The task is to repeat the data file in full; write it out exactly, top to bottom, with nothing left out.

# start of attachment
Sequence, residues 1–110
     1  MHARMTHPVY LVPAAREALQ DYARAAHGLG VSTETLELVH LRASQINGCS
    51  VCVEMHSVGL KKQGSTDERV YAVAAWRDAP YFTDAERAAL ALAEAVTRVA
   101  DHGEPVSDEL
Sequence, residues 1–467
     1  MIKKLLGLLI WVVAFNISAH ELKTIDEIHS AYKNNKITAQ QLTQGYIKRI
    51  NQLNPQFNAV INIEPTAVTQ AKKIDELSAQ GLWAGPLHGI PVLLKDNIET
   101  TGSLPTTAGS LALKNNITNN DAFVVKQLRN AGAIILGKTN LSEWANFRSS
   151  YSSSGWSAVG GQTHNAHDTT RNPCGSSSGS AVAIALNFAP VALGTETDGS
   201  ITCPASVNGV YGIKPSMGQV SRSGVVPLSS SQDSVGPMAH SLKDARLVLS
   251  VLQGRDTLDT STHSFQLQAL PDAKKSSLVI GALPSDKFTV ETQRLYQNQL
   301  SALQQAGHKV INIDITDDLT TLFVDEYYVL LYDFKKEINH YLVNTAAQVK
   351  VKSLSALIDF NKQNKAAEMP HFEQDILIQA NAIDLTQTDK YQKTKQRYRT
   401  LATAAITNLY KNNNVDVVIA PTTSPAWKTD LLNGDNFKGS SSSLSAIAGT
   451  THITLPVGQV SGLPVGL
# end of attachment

Sequence, residues 1–110
     1  MHARMTHPVY LVPAAREALQ DYARAAHGLG VSTETLELVH LRASQINGCS
    51  VCVEMHSVGL KKQGSTDERV YAVAAWRDAP YFTDAERAAL ALAEAVTRVA
   101  DHGEPVSDEL
Sequence, residues 1–467
     1  MIKKLLGLLI WVVAFNISAH ELKTIDEIHS AYKNNKITAQ QLTQGYIKRI
    51  NQLNPQFNAV INIEPTAVTQ AKKIDELSAQ GLWAGPLHGI PVLLKDNIET
   101  TGSLPTTAGS LALKNNITNN DAFVVKQLRN AGAIILGKTN LSEWANFRSS
   151  YSSSGWSAVG GQTHNAHDTT RNPCGSSSGS AVAIALNFAP VALGTETDGS
   201  ITCPASVNGV YGIKPSMGQV SRSGVVPLSS SQDSVGPMAH SLKDARLVLS
   251  VLQGRDTLDT STHSFQLQAL PDAKKSSLVI GALPSDKFTV ETQRLYQNQL
   301  SALQQAGHKV INIDITDDLT TLFVDEYYVL LYDFKKEINH YLVNTAAQVK
   351  VKSLSALIDF NKQNKAAEMP HFEQDILIQA NAIDLTQTDK YQKTKQRYRT
   401  LATAAITNLY KNNNVDVVIA PTTSPAWKTD LLNGDNFKGS SSSLSAIAGT
   451  THITLPVGQV SGLPVGL